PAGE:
Life News

Disney CEO Iger Lives in Fantasyland

“[Disney CEO] Bob Iger acts like he’s spent too much time in Fantasyland, because his position here is downright goofy. Hollywood deals in fiction, and Iger is reading from the left’s pro-abortion script, not a logical narrative.”

A recent article in the Washington Times has exposed serious hypocrisies in the recent corporate attacks on the State of Georgia over the “heartbeat bill.”

The Georgia law is one of the toughest pieces of pro-life legislation, and, if implemented, would prohibit abortion after a doctor can detect a baby’s heartbeat. In recent weeks, under pressure from Hollywood leftists, entertainment companies like Disney (1.7 – Liberal) and Netflix (2.1 – Lean Liberal) have threatened to stop filming projects in the state if the measure goes into effect.

However, the Washington Times reports these companies regularly do business in foreign countries that restrict abortion:

Disney CEO Bob Iger said it would be “very difficult” for the company to continue to film in Georgia if the state’s newly enacted abortion law goes into effect, though the entertainment giant had no similar reservations about shooting in Jordan.

Portions of the just-released blockbuster “Aladdin” were shot in Wadi Rum, Jordan, where women who undergo abortions except in medical emergencies face up to three years in prison — in short, a law significantly more restrictive than Georgia’s fetal heartbeat bill.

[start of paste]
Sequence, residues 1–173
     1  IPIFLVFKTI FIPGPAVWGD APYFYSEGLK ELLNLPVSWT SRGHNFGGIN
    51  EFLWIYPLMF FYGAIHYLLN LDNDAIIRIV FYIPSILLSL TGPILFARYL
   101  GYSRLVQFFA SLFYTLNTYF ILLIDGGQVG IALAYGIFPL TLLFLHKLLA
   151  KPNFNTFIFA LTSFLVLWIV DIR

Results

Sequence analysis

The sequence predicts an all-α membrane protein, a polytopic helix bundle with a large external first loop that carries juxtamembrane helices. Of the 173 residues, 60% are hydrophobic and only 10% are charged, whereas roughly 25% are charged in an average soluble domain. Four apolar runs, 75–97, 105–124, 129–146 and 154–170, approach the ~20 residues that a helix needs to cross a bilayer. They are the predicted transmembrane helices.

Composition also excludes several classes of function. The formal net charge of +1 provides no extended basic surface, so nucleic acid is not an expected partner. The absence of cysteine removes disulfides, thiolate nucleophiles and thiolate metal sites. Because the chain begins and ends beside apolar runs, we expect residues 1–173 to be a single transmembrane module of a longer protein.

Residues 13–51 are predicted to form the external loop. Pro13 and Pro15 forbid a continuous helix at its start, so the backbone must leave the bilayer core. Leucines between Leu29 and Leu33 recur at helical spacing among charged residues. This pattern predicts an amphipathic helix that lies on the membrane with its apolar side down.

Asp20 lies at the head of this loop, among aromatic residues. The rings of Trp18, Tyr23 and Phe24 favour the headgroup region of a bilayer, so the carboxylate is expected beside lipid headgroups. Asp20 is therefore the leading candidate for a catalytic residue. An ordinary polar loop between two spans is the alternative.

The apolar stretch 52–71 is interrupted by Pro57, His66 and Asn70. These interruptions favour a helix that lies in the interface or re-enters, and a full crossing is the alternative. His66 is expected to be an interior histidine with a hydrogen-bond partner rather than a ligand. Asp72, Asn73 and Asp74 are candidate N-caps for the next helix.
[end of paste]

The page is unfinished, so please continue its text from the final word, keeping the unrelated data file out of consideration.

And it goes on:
Iger’s statements beg the question: would Disney move its resort properties if Florida passes a similar “heartbeat bill”?

The article continues:

Then there is Netflix, which raised the possibility last week of leaving Georgia over the fetal heartbeat bill signed May 7 by Gov. Brian Kemp, a Republican, even though the entertainment company announced plans May 27 to film an original series, “Paranormal,” in Egypt.

Abortion is illegal in Egypt, with exceptions for saving the life of the pregnant woman or “fatal foetal abnormality,” according to the pro-choice international advocacy group Women on Waves.

Even so, “Paranormal” comes as Netflix’s third production foray into the Middle East: The shows “Jinn,” scheduled for release June 13, and “Al Rawabi School for Girls” were also filmed in Jordan as part of what the company described as its “dedication to investment in Middle Eastern Arabic content.”

It would appear both Disney and Netflix prioritize political pandering over logical consistency. After all, given the amount of children’s programming created by these companies, how much since does it make to support an abortion industry that exists to destroy the next generation of consumers?

If you think that Disney and Netflix should end their hypocrisy, and just stick to making television shows and movies, please do not hesitate to hit the buttons below to reach out to them!

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